The biography of the South Sudanese patriot and politician, Malath Joseph Lueth

Posted: September 28, 2018 by PaanLuel Wël Media Ltd. in Junub Sudan

By Mangar Marial Amerdid, Juba, South Sudan

Friday, September 28, 2018 (PW) — Few people inspire and leave an inedible mark on history as did the South Sudanese patriot and politician, Malath Joseph Lueth. Born in the village of Atiaba, Rumbek East in Western Lakes State, Malath’s father was a cattle herder and his mother a homemaker, neither having attained an education. Noted for being “ahead of his time” and seen as a perceptive child by his family and peers, Malath realized from an early age the significance of education and how it could alter the course of one’s life. He thus strove to excel academically. At the heels of political upheaval when the region of Southern Sudan was transitioning from British colonial rule and Sudan was gaining independence; Malath enrolled at Rumbek Elementary School for his sedimentary education, then attended Mundri Intermediate and later graduated from Juba Commercial Secondary School in 1962.

By this period, a volatile relationship had developed between the population of Southern Sudan and the Sudan government. The heavy-handedness of the Sudan government in the way it treated Southern Sudan was gaining worldwide attention. The Sudan government’s actions of abuse, torture and killing of innocent Southerners with impunity brought great resentment and resulted in Southerners forming the Anya-Nya guerilla movement to retaliate and seek a sovereign state for the Southern region. When the Sudan government took a drastic step and instituted a policy to eliminate Southerners they deemed educated or politically astute, Malath fled to Addis Ababa, Ethiopia. Forced to abandon his country, Malath utilized the opportunity to further his education and attain skills that would one day benefit his people. Thus, he enrolled in the faculties of Economics and Political Science at Haile Selassie I University.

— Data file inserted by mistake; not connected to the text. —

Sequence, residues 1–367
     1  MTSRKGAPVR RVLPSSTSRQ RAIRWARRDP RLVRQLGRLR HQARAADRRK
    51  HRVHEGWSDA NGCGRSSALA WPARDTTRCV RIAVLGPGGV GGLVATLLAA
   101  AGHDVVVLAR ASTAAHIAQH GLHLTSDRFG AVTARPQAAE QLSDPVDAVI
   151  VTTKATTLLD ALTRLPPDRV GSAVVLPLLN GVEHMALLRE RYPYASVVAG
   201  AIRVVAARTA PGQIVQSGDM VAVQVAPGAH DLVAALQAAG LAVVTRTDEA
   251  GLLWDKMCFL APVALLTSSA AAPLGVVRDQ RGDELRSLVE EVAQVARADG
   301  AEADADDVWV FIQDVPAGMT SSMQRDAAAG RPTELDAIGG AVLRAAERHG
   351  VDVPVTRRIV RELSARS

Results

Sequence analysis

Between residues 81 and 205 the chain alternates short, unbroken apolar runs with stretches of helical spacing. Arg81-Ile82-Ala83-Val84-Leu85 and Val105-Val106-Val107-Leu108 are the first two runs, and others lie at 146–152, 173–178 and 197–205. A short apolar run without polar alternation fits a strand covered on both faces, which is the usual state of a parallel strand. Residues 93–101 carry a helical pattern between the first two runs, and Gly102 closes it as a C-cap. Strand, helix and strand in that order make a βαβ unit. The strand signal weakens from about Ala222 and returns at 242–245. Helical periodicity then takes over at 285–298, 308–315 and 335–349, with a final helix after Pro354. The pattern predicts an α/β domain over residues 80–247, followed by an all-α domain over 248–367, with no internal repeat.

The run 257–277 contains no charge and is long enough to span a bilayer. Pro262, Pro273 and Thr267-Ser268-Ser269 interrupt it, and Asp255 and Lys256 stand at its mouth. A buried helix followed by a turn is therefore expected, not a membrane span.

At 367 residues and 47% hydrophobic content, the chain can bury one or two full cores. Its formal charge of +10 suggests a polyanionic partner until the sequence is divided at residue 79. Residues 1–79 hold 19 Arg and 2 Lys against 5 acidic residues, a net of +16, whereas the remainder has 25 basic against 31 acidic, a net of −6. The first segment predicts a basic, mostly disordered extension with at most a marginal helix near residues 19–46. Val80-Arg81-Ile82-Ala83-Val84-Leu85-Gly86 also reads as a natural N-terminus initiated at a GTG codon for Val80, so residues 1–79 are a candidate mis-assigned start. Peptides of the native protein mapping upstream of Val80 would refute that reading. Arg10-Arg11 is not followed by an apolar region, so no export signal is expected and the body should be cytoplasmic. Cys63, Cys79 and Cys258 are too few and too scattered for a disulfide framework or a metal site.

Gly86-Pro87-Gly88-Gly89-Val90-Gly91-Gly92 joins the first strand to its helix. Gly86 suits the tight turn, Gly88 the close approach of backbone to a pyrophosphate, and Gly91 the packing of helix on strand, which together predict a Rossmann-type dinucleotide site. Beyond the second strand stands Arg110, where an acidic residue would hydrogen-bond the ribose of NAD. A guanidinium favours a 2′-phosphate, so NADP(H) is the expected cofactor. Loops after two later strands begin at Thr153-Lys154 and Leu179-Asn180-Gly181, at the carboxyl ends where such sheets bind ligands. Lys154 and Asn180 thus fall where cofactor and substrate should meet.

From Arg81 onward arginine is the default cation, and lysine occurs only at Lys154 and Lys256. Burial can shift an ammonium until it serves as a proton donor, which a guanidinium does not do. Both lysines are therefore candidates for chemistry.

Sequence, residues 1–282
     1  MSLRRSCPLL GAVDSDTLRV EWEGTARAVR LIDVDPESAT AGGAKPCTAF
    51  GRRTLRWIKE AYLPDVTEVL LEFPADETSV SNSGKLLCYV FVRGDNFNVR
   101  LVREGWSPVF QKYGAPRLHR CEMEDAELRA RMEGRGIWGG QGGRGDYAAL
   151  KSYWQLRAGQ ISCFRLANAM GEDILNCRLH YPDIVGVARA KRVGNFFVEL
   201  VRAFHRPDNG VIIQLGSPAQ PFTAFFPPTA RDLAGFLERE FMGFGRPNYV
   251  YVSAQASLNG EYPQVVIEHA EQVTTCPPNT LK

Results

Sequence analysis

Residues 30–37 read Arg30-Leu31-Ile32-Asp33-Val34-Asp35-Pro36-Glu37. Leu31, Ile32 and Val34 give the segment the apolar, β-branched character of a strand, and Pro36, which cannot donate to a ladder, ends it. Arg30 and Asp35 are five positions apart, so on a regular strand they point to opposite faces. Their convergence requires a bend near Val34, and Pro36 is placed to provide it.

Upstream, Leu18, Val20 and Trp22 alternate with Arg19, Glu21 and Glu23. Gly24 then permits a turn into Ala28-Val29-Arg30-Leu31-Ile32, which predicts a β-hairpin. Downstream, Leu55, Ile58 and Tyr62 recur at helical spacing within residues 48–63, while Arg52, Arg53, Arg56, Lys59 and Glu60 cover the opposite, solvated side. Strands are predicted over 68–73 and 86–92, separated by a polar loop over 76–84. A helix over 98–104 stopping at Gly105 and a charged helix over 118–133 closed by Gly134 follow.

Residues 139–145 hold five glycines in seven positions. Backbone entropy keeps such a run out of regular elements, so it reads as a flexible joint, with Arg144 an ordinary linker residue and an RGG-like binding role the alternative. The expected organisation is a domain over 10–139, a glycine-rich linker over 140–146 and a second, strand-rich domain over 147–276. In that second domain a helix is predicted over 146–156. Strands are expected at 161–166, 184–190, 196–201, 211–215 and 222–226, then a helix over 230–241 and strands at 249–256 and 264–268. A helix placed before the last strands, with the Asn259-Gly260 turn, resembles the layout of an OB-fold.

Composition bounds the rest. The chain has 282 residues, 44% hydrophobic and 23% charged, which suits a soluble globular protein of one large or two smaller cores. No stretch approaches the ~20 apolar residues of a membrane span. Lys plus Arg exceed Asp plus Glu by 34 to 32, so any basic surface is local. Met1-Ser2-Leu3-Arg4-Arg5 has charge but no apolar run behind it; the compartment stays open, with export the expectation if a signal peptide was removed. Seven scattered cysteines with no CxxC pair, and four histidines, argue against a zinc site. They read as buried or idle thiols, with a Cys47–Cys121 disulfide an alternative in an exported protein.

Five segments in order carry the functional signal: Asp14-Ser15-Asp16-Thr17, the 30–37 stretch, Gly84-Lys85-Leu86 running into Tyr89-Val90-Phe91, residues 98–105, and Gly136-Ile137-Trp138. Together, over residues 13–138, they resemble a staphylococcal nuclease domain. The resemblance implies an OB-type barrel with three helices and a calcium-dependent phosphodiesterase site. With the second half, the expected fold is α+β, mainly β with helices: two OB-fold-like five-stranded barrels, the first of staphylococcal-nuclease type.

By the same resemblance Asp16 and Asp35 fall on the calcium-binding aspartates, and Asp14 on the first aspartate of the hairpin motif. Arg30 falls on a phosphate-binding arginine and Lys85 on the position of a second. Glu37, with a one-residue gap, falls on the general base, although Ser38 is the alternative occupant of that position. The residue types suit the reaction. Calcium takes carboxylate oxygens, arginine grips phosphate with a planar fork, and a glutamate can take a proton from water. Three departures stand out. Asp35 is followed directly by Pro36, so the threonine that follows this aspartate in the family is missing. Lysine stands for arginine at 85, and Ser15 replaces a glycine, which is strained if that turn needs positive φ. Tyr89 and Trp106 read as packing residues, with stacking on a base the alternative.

In 1969, while at the University, Malath founded the Southern Sudan Student Association becoming its first elected President. The association became a hub for intellectual discourse and a platform to address social and political issues impacting Southerners in Ethiopia and at home. It also offered Malath and the Southern student body the opening to become politically engaged with the Ethiopian government about the political issues unfolding back home. After graduating with dual degrees in 1970, Malath was in the process of returning to Southern Sudan when the escalation of conflict became intense and unrelenting. The Soviet Union aided the Sudan government in its fight against Southerners by providing manpower in the form of advisors, pilots and technicians. They also offered military arsenal in the form of Mig-21 fighter-planes, Mi-8 helicopters, Antonov 24 bombers and ground rockets. By this time, thousands of Southerners were seeking refuge in neighboring countries such as the Democratic Republic of Congo, Uganda and Ethiopia. Malath relocated to Kenya where he taught students at a secondary school. When the Addis Ababa Agreement was signed in 1972 between the political wing of the Anya-Nya guerilla movement, the Southern Sudan Liberation Movement (SSLM) and Sudan government under the auspices of Emperor Haile Sellasi, it marked an end to the conflict in Sudan. This resulted in Southerners returning home including Malath. He settled in Juba and joined the Regional Ministry of Commerce and Supply working as its assistant director. Disillusioned by the execution of the peace accord, Malath resigned from the Ministry, returned to Rumbek and joined politics.